The last conversation the father and son had was before Cody left for the Borderline. "First thing I said is, 'please don't drink and drive.' Last thing I said is, 'I love you.'"
Noel Sparks was a student at Moorpark College, a youth camp leader and a youth volunteer at her church.
On Sparks' Instagram account, the 21-year-old has photos smiling with families and friends, joining a Color Run and performing in dance shows. On her Facebook, she shared and checked in at multiple parties and events at Borderline Bar & Grill, including another College Country Night in early October.
"Holding in prayer all those affected by last night's shooting," United Methodist Church in Westlake, Sparks' church, wrote on Facebook. In another post, the church directly reference Sparks, adding that it is grieving with Sparks' parents, Tony Sparks and Wendy Anderson.
Nicole Guerriero, a student at Cal Lutheran, has been friends with Sparks for more than six years. They worked together at their church.
"She was the most amazing, selfless, and kind human being I've ever known," Guerriero said. "She never respected anything in return and was always selflessly serving others."
Sean Adler was a bouncer at Borderline Bar & Grill and a former wrestling coach at Simi High School and Royal Wrestling. The 48-year-old was also an entrepreneur, co-founding Rivalry Roasters, a coffee shop in Simi Valley with its own brand of coffee. The coffeehouse opened just weeks ago on Oct. 22.
"You couldn't have met a nicer guy," Simi High Wrestling tweeted about Adler alongside a screenshot from Royal Wrestling. "I'm sure plenty of people will be touched by this horrific tragedy. Make sure to remember the families, first responders and those who were there."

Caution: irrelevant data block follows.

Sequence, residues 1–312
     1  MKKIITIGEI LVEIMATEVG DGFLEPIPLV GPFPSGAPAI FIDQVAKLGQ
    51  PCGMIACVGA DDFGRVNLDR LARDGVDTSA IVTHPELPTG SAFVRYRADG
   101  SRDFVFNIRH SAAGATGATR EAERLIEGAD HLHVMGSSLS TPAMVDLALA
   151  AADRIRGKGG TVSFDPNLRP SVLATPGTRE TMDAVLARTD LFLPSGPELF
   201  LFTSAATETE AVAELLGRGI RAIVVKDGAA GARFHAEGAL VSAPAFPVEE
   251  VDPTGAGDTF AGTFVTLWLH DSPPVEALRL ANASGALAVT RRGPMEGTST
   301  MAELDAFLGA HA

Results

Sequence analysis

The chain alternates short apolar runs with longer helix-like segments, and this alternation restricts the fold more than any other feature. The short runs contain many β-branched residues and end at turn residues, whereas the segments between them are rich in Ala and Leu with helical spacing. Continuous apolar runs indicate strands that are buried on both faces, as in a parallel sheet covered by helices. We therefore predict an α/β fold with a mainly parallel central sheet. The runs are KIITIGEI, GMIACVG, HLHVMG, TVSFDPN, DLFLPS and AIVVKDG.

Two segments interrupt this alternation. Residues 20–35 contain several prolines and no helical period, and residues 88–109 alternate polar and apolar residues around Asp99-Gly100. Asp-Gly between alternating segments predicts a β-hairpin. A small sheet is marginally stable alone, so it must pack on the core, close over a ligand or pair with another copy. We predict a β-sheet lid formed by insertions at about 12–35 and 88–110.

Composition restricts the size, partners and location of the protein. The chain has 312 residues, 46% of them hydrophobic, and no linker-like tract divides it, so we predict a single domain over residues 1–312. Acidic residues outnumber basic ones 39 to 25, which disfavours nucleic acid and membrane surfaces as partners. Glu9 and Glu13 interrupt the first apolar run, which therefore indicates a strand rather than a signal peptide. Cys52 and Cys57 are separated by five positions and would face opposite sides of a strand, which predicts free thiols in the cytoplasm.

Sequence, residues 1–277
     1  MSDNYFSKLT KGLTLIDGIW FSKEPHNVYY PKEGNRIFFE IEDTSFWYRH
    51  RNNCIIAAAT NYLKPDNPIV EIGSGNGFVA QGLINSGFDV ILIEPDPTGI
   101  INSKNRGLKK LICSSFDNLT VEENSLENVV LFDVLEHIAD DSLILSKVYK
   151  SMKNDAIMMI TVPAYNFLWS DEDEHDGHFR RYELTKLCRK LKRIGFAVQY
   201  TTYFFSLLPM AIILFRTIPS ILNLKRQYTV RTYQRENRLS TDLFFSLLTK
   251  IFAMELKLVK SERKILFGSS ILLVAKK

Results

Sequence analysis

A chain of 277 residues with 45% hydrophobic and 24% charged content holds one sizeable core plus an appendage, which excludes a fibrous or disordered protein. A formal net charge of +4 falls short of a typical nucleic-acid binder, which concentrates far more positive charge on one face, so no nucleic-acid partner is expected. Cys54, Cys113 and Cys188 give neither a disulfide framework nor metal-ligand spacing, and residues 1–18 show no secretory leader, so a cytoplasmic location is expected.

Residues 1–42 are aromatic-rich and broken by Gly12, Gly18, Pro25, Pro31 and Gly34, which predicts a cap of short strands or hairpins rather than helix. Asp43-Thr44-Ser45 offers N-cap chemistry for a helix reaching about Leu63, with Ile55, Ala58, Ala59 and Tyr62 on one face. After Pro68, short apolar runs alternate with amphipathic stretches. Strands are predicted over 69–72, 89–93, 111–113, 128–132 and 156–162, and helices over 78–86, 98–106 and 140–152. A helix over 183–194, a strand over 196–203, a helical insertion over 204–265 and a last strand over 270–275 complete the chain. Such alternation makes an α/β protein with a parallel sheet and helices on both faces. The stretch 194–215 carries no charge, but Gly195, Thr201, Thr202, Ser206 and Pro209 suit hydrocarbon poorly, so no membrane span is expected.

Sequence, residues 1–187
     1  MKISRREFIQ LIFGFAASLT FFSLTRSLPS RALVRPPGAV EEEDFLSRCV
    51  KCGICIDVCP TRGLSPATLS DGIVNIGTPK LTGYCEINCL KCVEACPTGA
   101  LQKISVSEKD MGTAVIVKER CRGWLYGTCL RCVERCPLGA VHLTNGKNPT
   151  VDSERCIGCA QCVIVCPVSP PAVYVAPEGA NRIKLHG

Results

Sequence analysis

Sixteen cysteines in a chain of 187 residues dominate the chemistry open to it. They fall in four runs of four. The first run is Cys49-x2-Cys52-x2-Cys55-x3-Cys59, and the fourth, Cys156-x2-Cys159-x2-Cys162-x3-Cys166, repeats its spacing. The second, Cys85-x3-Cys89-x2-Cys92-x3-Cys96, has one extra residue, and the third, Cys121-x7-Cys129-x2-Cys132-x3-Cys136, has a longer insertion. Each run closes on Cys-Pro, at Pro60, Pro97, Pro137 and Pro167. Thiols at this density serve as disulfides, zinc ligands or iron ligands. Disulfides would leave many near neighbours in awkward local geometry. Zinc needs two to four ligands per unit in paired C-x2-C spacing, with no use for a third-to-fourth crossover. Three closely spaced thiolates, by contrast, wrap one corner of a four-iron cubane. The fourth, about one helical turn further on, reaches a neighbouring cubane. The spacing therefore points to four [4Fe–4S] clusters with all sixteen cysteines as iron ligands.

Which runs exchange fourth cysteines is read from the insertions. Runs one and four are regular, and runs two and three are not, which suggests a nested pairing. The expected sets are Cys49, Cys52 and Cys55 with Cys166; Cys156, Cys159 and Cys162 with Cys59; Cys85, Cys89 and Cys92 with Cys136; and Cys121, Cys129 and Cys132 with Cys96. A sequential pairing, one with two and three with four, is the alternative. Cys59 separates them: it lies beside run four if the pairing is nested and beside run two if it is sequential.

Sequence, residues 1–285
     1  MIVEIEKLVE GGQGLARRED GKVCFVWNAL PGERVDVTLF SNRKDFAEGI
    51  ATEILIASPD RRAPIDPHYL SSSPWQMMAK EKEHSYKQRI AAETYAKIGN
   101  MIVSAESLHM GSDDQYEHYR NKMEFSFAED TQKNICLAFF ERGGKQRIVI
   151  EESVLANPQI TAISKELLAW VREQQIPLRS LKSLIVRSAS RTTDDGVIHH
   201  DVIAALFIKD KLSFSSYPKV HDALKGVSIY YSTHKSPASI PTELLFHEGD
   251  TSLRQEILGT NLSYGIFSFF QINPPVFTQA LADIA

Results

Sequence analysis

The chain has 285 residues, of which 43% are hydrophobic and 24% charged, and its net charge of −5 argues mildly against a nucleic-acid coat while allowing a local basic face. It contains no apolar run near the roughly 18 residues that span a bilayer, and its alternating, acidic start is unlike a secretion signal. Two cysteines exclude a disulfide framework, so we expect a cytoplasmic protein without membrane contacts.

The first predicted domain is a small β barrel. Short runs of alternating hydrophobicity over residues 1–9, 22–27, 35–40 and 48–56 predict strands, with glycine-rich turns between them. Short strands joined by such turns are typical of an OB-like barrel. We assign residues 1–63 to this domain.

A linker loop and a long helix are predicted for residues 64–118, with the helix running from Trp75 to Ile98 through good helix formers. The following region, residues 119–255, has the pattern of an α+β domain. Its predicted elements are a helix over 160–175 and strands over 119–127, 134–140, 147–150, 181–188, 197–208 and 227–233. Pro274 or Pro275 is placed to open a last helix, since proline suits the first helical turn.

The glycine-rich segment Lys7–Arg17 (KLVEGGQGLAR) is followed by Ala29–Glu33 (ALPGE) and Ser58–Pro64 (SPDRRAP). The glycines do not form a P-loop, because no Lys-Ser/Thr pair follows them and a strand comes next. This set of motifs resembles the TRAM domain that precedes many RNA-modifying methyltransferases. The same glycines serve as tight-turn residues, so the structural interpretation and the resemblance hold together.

"He was positive, motivational, and truly wanted the best for the people around him," the screenshot reads. "Thank you Sean for your help and most of all your friendship."
"I just remember him as such a good, genuine person; it breaks my heart;" Fernanda Garcia, a junior at Moorpark, said. "He was the sweetest, nicest, most caring person."
Telemachus Orfanos was a survivor of the Las Vegas festival shooting in 2017, his mother, Susan, told ABC7. On Wednesday night, Orfanos was killed in the Borderline shooting.
According to his Facebook page, Orfanos was a veteran of the U.S. Navy and worked at an Infiniti car dealership in Thousand Oaks. Like many others at Borderline Bar & Grill's college night, Orfanos studied at Moorpark College.
"I don't want thoughts. I want gun control," Susan Orfanos said to ABC7. "I hope to God nobody sends me any more prayers. I want gun control."
"He will forever be our hero, son, brother, and the best uncle anybody could ever ask for," Daniel Manrique's sister, Gladys Marinque Koscak, posted on Facebook.
According to Manrique's Facebook page, he was a U.S. Marine Corps veteran and had recently become a chapter captain at Team Red, White & Blue, a veteran support nonprofit.
"He was shot and killed in an absolutely senseless act of violence that we will never understand," his sister wrote. "He died a hero."
Mark Meza was originally from Santa Barbara and studied photography at Santa Barbara City College, according to his Facebook Page. The 20-year-old was also active on YouTube, posting videos of music on his channel. Meza posted a song with a slow beat with the caption "vibe out some more" the day before his death.
"He had the biggest heart and deepest soul," the Meza family said in a statement. "Marky was a genuine light everywhere he went and wanted nothing more than to make people happy and bring smiles to everyone around him."
Jake Dunham of Newbury Park, Calif. went to Borderline Bar & Grill with fellow victim, Blake Dingman.
According to his Instagram account, Dunham liked spending time in Lake Havasu California and fixing and driving cars.
Lexie James Smith, a middle school friend of Dunham's, posted on Instagram that he had "the bluest eyes and the most contagious laugh."